In the wake of the police killing of George Floyd, the hip-hop community has rallied behind proposed new legislation to reform American policing.
Def Jam founder Russell Simmons has led a coalition of others in the rap world in praising a proposal released on Monday, June 8, by Congressional and Senate Democrats, while also pushing their own agenda.
“We must have police accountability,” Simmons stated. “I have been fighting police brutality for 30 plus years since ‘F… the police,’ and it’s the same issue over and over.”
A major part of the hip-hop community’s proposal is that independent prosecutors should immediately be brought in when police officers are charged with a crime – particularly a brutality or murder claim.
Simmons, who said he has the support of Snoop Dogg and others, noted that there are still some in hip-hop who haven’t yet gotten behind the proposal because they’d like to see even tougher language added to the document that’s circulating throughout the industry.
“We need prosecutors who are not beholden to the police unions to indict, prosecute and convict dirty cops,” Simmons stated. “There needs to be a recognition and prosecution of officers as co-conspirators who stand by as crimes are perpetuated. There needs to be a system and legal process where police are responsible for the errors of their partners, after all, they are accomplices to the crimes that they allow their partners to commit.”
Part of the proposal includes an officer’s loss of retirement and pension benefits when convicted of a crime, along with ‘use of force’ training and sensitivity training.
Several federal lawmakers said they support the language found in Simmons’ proposal.
“The murder of George Floyd and the video seen around the nation is one more painful reminder of racism, danger to Black Americans posed by police violence, and the failure of our society’s collective attempt to address inequality and injustice,” U.S. Rep. Eddie Bernice Johnson (D-Texas), told Black Press USA in an email.
“We need federal reforms to improve police training and practices, and to ensure transparency and accountability,” Johnson wrote.
Congressman Donald McEachin (D-Va.), the Congressional Black Caucus (CBC) Whip on police reform legislation, said the past few weeks have laid bare to the nation just how far America has to go in addressing the deeply rooted ills of racial bias and police-sanctioned violence in society.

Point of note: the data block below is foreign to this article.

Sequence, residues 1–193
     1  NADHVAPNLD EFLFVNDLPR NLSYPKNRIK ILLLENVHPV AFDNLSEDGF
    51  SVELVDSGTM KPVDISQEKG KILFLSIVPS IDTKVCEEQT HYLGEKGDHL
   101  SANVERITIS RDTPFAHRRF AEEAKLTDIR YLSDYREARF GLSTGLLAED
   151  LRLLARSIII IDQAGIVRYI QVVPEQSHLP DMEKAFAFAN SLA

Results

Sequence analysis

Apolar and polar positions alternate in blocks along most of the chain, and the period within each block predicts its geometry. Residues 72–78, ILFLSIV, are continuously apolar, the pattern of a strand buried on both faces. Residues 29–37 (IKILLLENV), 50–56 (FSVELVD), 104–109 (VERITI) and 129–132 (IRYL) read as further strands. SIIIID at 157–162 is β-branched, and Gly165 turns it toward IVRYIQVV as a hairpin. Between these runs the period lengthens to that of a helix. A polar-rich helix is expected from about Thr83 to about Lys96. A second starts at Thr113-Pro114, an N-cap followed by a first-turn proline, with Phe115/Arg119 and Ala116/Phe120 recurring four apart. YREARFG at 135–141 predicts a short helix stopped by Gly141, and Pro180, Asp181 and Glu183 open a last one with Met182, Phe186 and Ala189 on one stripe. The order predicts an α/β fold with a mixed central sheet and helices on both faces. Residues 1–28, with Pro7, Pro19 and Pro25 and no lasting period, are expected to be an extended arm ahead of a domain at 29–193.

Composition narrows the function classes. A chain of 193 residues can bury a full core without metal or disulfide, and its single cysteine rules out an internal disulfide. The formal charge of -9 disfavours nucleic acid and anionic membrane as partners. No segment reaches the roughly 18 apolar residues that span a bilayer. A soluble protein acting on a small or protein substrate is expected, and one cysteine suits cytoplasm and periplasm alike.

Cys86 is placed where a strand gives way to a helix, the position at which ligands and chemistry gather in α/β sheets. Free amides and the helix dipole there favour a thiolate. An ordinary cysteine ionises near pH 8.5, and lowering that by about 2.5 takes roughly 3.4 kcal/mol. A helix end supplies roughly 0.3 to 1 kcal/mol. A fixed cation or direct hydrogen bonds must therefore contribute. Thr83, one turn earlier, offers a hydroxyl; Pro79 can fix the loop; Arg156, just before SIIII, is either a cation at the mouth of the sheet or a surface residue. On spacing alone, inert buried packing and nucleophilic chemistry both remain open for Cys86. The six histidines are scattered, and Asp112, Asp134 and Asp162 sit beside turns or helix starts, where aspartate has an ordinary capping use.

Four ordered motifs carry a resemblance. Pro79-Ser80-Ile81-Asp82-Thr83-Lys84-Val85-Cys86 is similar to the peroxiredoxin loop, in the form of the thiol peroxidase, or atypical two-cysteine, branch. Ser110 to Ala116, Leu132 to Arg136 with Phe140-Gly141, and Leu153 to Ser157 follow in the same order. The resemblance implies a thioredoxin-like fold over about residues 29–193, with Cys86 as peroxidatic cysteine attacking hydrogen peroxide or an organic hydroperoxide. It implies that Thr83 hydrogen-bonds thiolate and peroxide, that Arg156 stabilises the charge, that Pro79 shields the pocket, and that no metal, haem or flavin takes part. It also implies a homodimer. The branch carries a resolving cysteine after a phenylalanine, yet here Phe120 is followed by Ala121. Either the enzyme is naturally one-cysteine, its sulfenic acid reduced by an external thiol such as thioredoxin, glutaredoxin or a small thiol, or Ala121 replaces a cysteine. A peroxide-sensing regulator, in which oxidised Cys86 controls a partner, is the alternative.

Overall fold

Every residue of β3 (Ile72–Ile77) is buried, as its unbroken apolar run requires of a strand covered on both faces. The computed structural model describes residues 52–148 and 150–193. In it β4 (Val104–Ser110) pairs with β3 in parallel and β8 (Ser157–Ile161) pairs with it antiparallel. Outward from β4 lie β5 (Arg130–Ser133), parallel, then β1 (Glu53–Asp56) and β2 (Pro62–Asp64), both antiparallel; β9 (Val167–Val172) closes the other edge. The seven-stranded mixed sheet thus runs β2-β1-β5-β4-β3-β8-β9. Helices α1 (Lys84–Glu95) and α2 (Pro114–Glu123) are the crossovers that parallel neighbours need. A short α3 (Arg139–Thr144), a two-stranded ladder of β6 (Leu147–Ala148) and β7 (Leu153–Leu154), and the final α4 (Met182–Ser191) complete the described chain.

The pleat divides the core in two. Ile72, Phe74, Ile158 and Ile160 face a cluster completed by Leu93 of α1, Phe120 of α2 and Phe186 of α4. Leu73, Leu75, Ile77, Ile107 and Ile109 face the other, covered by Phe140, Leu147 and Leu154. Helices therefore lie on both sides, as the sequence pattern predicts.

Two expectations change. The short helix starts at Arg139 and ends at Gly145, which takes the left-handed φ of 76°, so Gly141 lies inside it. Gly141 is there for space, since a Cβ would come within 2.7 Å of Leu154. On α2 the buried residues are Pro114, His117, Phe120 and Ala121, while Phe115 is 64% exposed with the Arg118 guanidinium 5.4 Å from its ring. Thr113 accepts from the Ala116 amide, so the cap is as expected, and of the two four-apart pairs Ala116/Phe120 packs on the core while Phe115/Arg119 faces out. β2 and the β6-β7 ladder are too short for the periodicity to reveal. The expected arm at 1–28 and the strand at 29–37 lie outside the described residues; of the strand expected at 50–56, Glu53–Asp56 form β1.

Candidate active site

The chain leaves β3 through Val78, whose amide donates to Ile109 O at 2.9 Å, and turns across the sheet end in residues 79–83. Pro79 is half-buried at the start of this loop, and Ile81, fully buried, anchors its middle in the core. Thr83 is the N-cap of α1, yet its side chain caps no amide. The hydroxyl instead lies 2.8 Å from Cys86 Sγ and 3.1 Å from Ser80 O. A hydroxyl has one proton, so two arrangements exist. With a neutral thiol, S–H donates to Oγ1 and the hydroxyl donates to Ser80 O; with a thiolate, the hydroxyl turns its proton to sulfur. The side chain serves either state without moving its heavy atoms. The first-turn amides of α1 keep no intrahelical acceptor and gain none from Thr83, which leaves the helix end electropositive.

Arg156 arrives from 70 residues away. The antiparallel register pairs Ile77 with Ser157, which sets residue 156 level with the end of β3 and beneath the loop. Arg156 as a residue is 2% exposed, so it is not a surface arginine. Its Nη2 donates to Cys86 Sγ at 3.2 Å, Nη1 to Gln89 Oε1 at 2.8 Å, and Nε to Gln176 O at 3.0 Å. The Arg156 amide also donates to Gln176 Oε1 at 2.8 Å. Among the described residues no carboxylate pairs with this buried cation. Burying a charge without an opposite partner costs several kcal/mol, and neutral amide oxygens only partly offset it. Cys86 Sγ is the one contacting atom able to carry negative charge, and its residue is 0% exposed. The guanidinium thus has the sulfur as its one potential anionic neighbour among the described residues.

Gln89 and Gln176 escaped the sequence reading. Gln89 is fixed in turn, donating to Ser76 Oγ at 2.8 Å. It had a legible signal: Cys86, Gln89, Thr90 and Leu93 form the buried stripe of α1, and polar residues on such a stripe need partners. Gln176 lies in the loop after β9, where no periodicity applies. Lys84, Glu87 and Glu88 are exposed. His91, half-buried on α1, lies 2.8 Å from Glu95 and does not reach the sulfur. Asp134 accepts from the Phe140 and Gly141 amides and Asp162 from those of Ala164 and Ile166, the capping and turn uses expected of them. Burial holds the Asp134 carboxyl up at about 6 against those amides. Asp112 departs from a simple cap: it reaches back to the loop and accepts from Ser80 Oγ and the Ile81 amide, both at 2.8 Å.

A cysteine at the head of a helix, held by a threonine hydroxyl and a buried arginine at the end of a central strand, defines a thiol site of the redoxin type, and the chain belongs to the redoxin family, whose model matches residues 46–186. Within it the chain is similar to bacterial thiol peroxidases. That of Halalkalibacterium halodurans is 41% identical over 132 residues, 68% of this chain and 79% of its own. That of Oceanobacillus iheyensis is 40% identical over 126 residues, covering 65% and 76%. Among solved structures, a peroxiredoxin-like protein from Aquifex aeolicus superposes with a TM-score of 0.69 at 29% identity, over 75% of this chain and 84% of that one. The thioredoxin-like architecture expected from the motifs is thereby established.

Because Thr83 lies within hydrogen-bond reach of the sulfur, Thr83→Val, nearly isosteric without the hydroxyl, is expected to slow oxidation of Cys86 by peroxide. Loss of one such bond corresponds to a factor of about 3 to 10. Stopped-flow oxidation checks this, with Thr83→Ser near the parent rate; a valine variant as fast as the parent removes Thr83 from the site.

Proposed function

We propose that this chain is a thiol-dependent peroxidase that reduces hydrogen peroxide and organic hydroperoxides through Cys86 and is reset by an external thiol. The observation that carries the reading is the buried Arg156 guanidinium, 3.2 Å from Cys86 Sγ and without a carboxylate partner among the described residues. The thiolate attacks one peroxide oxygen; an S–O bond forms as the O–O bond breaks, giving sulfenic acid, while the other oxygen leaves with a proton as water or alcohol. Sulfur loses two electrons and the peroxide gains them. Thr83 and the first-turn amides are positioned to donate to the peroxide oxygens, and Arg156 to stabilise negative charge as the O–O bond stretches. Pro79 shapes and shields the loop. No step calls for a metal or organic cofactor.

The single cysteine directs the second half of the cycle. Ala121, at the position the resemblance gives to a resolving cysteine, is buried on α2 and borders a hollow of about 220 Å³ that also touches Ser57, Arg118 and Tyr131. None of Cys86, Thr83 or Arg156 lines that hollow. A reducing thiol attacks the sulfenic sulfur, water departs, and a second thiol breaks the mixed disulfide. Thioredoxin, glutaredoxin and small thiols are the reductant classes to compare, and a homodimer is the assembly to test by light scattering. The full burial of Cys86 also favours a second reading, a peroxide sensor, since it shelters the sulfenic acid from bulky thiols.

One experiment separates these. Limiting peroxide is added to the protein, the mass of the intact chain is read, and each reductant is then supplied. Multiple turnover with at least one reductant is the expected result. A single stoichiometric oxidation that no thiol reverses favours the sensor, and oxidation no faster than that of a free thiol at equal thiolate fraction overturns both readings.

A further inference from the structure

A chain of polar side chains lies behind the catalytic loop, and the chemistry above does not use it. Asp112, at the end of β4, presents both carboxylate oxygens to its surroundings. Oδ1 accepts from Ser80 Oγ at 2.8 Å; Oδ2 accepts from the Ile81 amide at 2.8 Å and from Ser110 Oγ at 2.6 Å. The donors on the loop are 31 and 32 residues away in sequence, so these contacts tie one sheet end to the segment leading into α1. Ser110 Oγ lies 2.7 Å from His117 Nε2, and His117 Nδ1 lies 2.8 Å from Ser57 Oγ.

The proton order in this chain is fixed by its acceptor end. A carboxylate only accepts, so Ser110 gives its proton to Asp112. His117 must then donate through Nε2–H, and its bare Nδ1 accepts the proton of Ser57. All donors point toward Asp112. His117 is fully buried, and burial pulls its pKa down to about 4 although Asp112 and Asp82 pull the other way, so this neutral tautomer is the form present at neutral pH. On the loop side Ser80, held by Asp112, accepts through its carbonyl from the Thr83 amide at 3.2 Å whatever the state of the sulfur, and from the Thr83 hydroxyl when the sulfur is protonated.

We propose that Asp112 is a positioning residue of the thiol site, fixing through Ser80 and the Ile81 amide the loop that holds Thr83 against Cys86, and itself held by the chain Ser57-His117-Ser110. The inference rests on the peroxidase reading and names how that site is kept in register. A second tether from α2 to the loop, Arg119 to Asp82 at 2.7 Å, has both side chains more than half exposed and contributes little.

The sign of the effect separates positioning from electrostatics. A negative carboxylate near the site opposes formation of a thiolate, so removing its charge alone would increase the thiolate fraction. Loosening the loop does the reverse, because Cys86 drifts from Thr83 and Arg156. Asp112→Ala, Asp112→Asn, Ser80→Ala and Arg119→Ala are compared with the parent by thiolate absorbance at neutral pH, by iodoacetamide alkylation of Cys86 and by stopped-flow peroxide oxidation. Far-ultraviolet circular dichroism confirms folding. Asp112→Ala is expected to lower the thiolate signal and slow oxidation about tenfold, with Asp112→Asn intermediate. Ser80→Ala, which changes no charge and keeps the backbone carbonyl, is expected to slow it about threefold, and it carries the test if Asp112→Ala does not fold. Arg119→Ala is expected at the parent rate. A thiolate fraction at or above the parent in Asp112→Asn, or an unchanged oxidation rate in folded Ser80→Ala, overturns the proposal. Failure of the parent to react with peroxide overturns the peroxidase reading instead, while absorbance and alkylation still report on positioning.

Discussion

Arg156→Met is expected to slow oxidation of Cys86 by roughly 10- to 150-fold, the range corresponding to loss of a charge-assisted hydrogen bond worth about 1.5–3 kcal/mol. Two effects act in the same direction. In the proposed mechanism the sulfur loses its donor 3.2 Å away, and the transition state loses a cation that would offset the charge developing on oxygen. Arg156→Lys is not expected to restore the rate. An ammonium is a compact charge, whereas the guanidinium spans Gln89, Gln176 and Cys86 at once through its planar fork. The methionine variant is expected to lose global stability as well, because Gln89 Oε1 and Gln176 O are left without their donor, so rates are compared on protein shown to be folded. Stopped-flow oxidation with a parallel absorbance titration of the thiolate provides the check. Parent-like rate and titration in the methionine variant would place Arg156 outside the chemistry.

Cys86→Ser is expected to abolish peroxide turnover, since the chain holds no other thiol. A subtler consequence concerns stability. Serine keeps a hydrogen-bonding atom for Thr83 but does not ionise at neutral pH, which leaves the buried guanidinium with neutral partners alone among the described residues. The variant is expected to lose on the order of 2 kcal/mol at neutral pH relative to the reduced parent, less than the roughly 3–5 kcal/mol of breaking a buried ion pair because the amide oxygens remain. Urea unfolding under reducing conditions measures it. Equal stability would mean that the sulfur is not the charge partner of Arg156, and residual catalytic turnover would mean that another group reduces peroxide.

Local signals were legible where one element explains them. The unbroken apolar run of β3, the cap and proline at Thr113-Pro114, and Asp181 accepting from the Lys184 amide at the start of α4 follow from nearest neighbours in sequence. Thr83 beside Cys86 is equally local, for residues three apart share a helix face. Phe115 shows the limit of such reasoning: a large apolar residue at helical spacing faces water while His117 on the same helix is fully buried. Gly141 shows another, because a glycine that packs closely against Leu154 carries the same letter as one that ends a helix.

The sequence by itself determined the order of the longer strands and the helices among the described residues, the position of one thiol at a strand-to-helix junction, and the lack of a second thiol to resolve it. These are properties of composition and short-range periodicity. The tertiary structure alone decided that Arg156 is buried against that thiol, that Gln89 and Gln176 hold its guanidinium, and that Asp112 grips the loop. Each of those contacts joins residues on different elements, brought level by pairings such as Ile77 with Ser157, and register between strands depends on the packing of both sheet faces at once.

“We can and must reimagine public safety in America to make our policing systems safer for citizens and hold police officers accountable to the communities they serve, beginning with ensuring that the common sense policies included in the Justice in Policing Act (announced Monday by Democrats) are adopted by police departments across our country,” McEachin said.
CBC Chair Karen Bass (D-Calif.) proclaimed that the nation is witnessing the birth of a new movement with thousands coming together in every state, marching to demand a change that ends police brutality, holds police officers accountable, and calls for transparency.
“For over 100 years, Black communities in America have sadly been marching against police abuse and calling for the police to protect and serve them as they do others,” Bass said.
“Never again should the world be subjected to witnessing what we saw on the streets in Minnesota with George Floyd.”
Simmons said he’s pleased with the action taking by Democrats in proposing legislation that he’s long championed.
“Remember the words of Audre Lorde, who said, ‘revolution is not a one-time event. It is becoming always vigilant for the smallest opportunities to make genuine change in established, outgrown responses, for instance, it is learning to address each other’s difference with respect,’” Simmons said.
“Today, I’m getting support from multiple congress men and women and hip hop’s most powerful voices. I want prosecutors separate from and free from police control. I want it to be that every time a policeman is reported for any misconduct, the case would go to a different independent prosecutors office.”